FN: "in just a few lines of yaml" is the claim of so many tools, that in the end you always get too many lines of yaml :D
ABG: One of the demos was using the same enforcement of the registry as we have. And we have a bunch of things to do that. And the demo was using 2 lines of yaml. 1000 LoCs with 2 lines of yaml + kyverno deployment.
FN: I agree it's a very good idea to use something like this
TV: Corresponds well with pod security policy updates
ABG: pod security admission is the replacement for pod security policies. There’s a one to one match between them. Most of the policies we express now we should be able to translate.
DC: There’s a few things we won’t be able to do in the future. Disallows mutation, if so, ise something else.
TV: PSP that can drop privileges, etc. This isn’t declared in the yaml manifests.
ABG: When we have to address this because of PSP going away, let’s consider changing.
May 8th buildpack beta
NS: Build service is “out” and readying for a wider announcement
TV: Is there any documentation yet?
SS: Have quickstart guide: https://wikitech.wikimedia.org/wiki/Help:Toolforge/Build_Service/Quickstart#Known_Limitation/Common_Issues. Monday will be tight, but possible
DC: Focusing on docs this week
FN: What tasks are being focused this week?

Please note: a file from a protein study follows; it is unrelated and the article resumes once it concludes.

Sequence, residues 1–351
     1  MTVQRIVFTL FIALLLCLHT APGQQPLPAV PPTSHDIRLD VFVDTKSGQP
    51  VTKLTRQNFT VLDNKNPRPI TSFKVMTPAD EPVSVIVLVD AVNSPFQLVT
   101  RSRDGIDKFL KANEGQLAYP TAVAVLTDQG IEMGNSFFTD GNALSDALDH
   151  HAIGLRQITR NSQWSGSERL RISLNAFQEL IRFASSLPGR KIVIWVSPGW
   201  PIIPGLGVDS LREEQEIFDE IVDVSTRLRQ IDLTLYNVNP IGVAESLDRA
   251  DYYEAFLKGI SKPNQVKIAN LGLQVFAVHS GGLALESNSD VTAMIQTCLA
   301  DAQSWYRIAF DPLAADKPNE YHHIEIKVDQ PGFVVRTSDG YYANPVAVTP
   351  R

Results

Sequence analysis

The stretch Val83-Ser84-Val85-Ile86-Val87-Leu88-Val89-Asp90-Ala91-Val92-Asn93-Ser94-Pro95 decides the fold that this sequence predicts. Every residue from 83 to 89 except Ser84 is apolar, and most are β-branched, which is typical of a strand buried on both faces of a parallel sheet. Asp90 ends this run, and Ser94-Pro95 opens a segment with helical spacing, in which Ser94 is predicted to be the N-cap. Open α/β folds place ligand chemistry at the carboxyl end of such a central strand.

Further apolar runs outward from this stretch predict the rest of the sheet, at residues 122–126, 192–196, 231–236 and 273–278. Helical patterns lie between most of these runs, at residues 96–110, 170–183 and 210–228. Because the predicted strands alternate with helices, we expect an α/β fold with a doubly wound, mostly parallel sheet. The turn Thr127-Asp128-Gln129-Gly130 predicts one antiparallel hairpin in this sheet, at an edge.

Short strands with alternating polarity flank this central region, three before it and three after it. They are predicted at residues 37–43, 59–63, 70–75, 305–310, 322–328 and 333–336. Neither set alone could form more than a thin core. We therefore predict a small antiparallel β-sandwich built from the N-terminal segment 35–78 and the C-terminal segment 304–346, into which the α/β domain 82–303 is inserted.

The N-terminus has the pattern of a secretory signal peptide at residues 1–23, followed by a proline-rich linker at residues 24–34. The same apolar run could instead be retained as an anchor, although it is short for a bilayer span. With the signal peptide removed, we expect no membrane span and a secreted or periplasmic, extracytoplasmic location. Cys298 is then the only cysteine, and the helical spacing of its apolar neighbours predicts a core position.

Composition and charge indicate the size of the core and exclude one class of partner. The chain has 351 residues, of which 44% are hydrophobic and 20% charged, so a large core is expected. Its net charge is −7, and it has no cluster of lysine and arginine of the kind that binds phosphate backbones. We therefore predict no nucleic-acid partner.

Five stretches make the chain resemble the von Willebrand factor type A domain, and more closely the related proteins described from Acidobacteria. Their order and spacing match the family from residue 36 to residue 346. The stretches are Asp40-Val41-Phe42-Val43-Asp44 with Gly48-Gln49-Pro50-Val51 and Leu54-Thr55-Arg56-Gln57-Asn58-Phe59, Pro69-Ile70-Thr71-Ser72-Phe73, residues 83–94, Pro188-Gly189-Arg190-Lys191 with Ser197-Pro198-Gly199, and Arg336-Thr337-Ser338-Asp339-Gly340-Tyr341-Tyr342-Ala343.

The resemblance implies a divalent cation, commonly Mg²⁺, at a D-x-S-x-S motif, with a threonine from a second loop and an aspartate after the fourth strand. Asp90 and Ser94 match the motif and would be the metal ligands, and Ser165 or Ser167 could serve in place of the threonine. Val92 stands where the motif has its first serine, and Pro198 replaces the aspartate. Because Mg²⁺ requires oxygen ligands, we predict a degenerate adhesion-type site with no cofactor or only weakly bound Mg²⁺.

TV: Just looking at the docs. Starts from having something I can already run. But not sure how I can do that
BD: No sshd. Ubuntu upstream base image. Quickstart doesn’t mention any of those differences. Otherwise people will have to figure it out confusingly.
DC: There’s a task to create that page / content. Several differences versus regular images. Images could change in the future. Answering where’s my home, etc. Until it’s finalized, it’ll be in fluxx
TV: How confident are you this will be usable by someone unfamiliar with it by Monday
DC: For simple web application with no db and no storage. Put git URL there, figure out it’s a flask app, build image, run it and done. What might be needed is to add a procfile entry for port 8000, but that’s it. Anything beyond that will need more documentation. If there’s a specific prose you want to see, let us know.
TV: Main concern would be rather to delay announcement versus shipping with incomplete documentation.
TV: Happy to try and share feedback. Can share source code
- David - Keep pushing secrets swagger projects and share
- Test if python client can be generated
- Experiment with building container images automatically, maybe gitlab (NEEDS phabricator ticket)
- Decided to change admission controls as part of the PSP deprecation
- David / Komla - finish docs for build service
- David / Taavi - try one or more of Taavi’s projects using the build service